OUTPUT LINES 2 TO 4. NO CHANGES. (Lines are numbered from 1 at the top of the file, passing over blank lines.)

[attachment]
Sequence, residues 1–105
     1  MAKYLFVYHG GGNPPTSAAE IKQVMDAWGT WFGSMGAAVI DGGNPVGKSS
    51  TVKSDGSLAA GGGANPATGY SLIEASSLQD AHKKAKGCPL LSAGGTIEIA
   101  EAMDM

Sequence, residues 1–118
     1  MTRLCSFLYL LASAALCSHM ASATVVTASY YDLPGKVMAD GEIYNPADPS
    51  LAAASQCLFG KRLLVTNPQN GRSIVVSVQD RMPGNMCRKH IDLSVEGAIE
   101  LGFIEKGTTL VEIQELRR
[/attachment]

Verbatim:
     1  MAKYLFVYHG GGNPPTSAAE IKQVMDAWGT WFGSMGAAVI DGGNPVGKSS
    51  TVKSDGSLAA GGGANPATGY SLIEASSLQD AHKKAKGCPL LSAGGTIEIA
   101  EAMDM